The Paechter family in Tiegenhof

A department store fire in Tiegenhof

It seems the Pächter family was more prominent that I imagined. Here is an excerpt from a retrospective about old Tiegenhof by Otto Stobbe that was originally published in the historical magazine Unser Danzig in 1963, and was reposted to a Danzig discussion forum in 2012. 

On the right side, already on the market square, was the Pächter'sche department store, Isaak Pächter, after his brother and co-owner Meier Pächter had died. It was a large half-timbered building with yellow bricks. A few years later, in the fall of 1898, the terrible fire began here, which then left half of Bahnhofstrasse in ruins. It was on a Wednesday evening, and exactly two (or three?) Weeks before it had already burned there, but was extinguished in good time, even with the help of bottled beer, because water was not quickly enough to hand. And after this big fire it should burn regularly every other Wednesday for months. Apparently there was an arsonist who was never caught. On the other hand, an anti-Semitic wave now arose: it was claimed that Pächter might have set fire to the house himself. It was so absurd that the judges in Tiegenhof didn't think of doing anything. But then the district court in Elbing, which took up the matter, issued an arrest warrant, but Pächter had to be released after a few weeks. Tiegenhof spoiled him and he didn't rebuild, but moved away. Otherwise I did not remember anti-Semitism in Tiegenhof.

This is exciting because it definitiely places the Pächter family in Tiegenhof, and it gives them a reason to be leaving town in 1898. However, the Isaak Pächter who owned the store was not the ancestor of Heinz Pächter who became the historian. Also, Isaak's wife was Friederike Meyer, and so her married name was Friederike Pächter, but it is not yet clear how our Friederike Wohlgemuth, geb. Pächter is related.

But now we know much more about the presence of the Pächter family in Tiegenhof, and how a supposed rare anti-Semitic action drove them out. 

We are related to the Australian Peter Nash

Several posts back, I mentioned that Rodney wrote to introduce me to an Australian contact. Now I can tell you that he is Peter Nash, the author of Escape From Berlin, which describes the ordeal his family endured in their flight from Nazi persecution.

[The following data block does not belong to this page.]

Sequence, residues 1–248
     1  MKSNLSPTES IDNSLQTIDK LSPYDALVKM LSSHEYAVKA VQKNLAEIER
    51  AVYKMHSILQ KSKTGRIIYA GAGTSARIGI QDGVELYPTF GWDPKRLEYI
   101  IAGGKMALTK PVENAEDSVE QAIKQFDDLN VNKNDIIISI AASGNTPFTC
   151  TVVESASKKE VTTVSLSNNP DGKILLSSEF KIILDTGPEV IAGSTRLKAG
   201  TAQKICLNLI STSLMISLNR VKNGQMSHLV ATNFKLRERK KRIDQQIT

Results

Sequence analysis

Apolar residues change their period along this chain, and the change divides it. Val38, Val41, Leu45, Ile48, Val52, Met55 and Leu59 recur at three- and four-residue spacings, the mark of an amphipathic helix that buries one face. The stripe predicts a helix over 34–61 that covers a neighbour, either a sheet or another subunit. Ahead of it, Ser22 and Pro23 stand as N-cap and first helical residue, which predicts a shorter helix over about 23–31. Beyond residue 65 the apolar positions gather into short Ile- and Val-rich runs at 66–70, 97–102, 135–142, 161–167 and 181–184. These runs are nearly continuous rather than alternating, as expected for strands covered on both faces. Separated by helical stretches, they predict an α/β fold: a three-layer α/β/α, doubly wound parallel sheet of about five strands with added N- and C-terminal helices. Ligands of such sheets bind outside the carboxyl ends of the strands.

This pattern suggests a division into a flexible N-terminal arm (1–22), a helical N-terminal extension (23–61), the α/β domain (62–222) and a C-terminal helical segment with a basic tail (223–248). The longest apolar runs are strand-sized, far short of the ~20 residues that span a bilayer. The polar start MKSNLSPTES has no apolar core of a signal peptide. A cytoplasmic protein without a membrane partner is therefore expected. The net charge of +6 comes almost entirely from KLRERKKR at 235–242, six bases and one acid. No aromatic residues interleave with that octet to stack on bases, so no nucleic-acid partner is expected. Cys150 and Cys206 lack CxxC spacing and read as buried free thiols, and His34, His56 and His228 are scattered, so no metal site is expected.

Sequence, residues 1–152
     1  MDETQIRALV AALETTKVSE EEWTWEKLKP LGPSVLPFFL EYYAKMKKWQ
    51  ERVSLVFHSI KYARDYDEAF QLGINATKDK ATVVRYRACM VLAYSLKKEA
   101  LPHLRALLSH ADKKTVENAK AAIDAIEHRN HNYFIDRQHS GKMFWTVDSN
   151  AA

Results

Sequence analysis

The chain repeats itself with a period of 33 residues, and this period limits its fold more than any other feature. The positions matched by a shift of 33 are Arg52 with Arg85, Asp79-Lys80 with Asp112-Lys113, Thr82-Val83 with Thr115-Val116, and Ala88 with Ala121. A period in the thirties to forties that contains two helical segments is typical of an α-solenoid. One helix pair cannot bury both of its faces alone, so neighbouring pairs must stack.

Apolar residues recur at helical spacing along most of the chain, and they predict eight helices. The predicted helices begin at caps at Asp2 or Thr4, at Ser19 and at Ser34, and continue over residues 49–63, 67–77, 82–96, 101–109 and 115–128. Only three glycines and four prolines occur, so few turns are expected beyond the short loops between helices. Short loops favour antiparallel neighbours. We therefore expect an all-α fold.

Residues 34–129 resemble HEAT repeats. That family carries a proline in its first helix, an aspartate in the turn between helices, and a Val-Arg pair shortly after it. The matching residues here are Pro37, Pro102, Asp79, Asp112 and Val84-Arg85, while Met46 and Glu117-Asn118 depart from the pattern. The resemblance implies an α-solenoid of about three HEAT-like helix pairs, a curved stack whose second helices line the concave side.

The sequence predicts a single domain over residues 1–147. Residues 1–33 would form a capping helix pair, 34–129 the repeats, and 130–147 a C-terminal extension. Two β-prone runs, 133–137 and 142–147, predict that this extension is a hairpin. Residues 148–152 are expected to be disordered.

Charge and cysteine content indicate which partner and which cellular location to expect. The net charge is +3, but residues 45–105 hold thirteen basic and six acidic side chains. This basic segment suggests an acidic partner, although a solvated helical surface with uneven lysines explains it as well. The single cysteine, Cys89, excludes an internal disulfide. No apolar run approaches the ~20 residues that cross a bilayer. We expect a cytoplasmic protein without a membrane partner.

Born Peter Nachemstein in Berlin in 1935, Nash was a young child during his family's desperate flight to Shanghai, where he spent his boyhood years, before his family was able to settle in Australia after the war. He deeply researched his family history before writing the memoir that was published in 2017. So far, I have read just the Kindle sample, but with the news below I will now buy it and read it in full.

Peter Nash is our third cousin. Actually it is third cousin once removed because he is a generation older. He emailed yesterday before I figured out the puzzle. It sounds like he is still vigorous and active in his mid-80s. 

If you recall from the previous item, Peter's Kleemann family from Danzig included his great-grandmother, Rosa Kleemann, geb. Paechter. I had run across her myself doing my indexing work for the JewishGen Danzig volunteer project. The leader of that project, Australian Rodney Eisfelder, knew that I also had a Paechter family line but he was pretty blasé about it when I first mentioned the coincidence. Paechter is not an uncommon name, and Rodney is a particularly unflappable genealogist. He doesn't get excited easily.

(The word 'Pächter' means 'tenant' in German, and it is used to describe certain vacation rentals, something like tenant cottages.)

You'll also remember that Rodney had recently reviewed the 1910 death record of my 2G grandmother, Friederike Paechter, where her birthplace was shown as Tiegenhof. What Rodney later noticed about Peter's great-grandmother's Danzig residency registration is that it listed a prior residence in Tiegenhof.